Floire et Blancheflor, a tale of star-crossed lovers and of religious conversion, had a long-lived and multifaceted career in France, Germany, England, Flanders and Holland, Italy, Spain, and Portugal. The Latin legend of Apollonius of Tyre, which recounts a harrowing escape from incest and a series of wondrous travels and discoveries, inspired vernacular narrative retellings throughout Europe, as did the antifeminist frame-story of the Seven Sages of Rome. Some romancers, such as Gautier d'Arras in Eracle, drew their inspiration not from the Arthurian past, but from distant Byzantium. In another register, the feminocentric lais Fresne and Eliduc of Marie de france were recast into longer narratives that heralded a more "realistic" strain of romances. The framework of biographical romance, which recounts the extraordinary history of an individual or a family, served to tell the stories of exemplary national heroes, for example, in the Middle English Havelok the dane. Romance would continue to provide a mold in which patrons could establish impressive genealogies, as did Jean de Berry for the Lusignan family in Jean d'Arras's Mélusine (1393), whose serpentine heroine bears marvelous children.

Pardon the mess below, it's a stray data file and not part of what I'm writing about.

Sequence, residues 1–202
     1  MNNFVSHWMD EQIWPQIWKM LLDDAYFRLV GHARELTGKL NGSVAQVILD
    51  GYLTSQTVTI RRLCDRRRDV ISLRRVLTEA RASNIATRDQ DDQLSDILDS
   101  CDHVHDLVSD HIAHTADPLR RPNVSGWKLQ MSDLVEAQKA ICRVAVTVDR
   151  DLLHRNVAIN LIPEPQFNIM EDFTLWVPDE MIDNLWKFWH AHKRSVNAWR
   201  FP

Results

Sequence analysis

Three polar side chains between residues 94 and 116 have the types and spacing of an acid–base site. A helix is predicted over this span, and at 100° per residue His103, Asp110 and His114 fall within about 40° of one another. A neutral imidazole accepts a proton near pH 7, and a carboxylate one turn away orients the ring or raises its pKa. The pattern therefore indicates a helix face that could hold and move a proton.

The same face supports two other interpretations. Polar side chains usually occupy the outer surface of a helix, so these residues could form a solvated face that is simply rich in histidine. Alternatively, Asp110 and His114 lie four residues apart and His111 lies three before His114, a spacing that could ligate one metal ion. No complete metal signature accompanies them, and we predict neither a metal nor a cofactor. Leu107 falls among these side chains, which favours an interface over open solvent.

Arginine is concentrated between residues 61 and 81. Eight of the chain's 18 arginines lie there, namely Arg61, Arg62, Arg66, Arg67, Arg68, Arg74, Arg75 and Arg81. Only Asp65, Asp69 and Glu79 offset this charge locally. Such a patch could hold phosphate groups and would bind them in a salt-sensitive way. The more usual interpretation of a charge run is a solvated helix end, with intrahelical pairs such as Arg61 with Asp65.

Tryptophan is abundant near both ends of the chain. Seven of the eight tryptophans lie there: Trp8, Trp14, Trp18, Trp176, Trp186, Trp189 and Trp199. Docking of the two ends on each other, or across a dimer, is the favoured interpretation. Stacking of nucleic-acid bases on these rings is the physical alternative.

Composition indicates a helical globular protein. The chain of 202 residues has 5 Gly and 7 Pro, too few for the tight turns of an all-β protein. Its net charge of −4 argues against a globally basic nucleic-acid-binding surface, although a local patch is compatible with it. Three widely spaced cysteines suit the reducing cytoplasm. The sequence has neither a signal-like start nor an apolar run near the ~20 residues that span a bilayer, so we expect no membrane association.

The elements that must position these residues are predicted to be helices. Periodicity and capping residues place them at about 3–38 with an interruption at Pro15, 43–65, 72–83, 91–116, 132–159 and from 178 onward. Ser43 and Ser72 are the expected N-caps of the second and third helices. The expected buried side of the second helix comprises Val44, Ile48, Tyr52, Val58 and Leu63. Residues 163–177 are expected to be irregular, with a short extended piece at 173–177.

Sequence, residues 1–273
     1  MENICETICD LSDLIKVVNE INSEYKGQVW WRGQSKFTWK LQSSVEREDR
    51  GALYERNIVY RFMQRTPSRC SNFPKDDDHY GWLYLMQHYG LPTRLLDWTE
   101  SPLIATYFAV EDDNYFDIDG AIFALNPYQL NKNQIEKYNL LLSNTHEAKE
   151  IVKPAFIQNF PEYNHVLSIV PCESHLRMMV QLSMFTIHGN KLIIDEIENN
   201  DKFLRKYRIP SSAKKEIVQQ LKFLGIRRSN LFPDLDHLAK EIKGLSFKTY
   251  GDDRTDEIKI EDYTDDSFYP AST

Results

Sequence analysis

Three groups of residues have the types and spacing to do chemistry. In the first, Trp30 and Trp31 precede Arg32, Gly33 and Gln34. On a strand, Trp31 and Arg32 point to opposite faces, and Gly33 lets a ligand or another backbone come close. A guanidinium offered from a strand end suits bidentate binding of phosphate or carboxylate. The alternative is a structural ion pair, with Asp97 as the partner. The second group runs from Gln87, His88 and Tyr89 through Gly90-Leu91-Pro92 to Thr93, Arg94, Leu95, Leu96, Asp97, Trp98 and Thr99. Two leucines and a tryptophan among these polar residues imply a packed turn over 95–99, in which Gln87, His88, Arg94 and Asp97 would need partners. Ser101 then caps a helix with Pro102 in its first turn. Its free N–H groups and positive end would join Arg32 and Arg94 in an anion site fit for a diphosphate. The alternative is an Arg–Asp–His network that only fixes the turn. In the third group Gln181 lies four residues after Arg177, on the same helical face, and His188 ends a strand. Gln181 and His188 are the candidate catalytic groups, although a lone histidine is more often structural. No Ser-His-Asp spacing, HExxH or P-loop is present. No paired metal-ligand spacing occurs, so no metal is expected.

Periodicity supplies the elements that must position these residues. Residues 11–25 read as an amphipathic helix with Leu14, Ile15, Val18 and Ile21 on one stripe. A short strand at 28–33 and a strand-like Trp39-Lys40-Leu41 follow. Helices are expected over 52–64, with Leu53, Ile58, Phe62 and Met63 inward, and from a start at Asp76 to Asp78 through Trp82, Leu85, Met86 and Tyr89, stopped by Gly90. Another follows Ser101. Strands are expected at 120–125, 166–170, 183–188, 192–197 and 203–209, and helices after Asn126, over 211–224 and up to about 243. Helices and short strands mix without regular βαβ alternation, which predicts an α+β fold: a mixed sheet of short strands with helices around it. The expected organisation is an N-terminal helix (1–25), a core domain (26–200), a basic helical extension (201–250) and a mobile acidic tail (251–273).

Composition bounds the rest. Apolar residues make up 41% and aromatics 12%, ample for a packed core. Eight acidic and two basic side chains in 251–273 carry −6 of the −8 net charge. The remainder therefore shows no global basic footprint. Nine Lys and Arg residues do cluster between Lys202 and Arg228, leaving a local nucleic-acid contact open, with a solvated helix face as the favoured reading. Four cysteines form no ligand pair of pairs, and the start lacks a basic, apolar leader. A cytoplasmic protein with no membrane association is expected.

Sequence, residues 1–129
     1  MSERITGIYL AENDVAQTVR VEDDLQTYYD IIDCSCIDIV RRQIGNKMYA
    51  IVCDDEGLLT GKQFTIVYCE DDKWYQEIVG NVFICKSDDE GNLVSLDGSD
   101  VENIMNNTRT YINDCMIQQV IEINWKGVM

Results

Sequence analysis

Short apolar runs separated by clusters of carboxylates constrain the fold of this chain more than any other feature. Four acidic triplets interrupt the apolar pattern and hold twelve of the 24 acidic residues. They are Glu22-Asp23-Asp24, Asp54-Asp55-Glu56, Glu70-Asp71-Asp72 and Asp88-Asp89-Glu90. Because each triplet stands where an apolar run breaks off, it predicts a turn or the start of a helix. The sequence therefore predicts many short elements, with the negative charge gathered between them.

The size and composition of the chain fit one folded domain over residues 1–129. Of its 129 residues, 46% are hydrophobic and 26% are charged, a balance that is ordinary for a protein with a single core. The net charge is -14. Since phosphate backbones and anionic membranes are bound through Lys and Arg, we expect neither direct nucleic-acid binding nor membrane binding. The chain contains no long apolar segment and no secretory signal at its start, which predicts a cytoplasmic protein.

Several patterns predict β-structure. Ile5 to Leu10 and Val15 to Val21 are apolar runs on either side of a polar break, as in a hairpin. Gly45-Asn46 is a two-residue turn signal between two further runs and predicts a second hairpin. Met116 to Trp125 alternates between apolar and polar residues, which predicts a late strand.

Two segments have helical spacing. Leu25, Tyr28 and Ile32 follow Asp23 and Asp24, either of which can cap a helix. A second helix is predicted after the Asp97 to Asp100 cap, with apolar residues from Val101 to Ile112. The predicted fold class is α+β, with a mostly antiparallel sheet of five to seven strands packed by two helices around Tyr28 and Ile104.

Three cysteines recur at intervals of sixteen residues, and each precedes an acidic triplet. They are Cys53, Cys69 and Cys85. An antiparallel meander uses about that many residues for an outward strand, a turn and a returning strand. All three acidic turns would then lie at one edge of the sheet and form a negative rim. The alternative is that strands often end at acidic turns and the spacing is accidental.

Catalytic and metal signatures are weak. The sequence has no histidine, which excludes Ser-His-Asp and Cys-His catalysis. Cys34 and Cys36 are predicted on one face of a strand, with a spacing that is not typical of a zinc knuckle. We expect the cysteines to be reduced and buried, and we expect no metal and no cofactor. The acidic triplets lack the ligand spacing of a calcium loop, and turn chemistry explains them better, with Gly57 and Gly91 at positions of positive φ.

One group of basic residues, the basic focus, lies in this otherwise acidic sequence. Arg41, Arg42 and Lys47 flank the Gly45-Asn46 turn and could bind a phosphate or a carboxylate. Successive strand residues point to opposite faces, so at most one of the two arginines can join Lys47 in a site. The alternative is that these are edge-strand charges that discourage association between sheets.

Early verse romances were composed in writing but intended for public reading, and they often display their author's sense of both literary aesthetics and oral performance. Drawing their material from a broad range of sources that included oral folktales, vernacular epics and saints' lives, courtly lyrics, classical Latin literature and contemporary chronicles, romance authors self-consciously blended ancient and contemporary stories into new shapes, created characters who appealed to the sentimental, moral, and political concerns of their audience, and drew attention to their own art as they did so.
The audience for romance in all its guises grew and diversified throughout the Middle Ages. Noble male and female patrons were evidently eager to listen to stories in which their own ideals and anxieties were reflected, often through the clerk's tongue-in-cheek humor, for they commissioned the composition of romances in manuscripts that could be circulated among the court and family members and could be passed along to children or to foreign courts. These might later be recopied or re-adapted in fresh surroundings, in other households, in new linguistic or political terrains...
These essays offer a sampling of the rich fare that is European romance and of the diversity of critical perspectives that it has inspired. This volume is not intended as an exhaustive or comprehensive survey...We hope that the Companion of Medieval Romance will inspire further study of individual romances in all European traditions from a multiplicity of perspectives.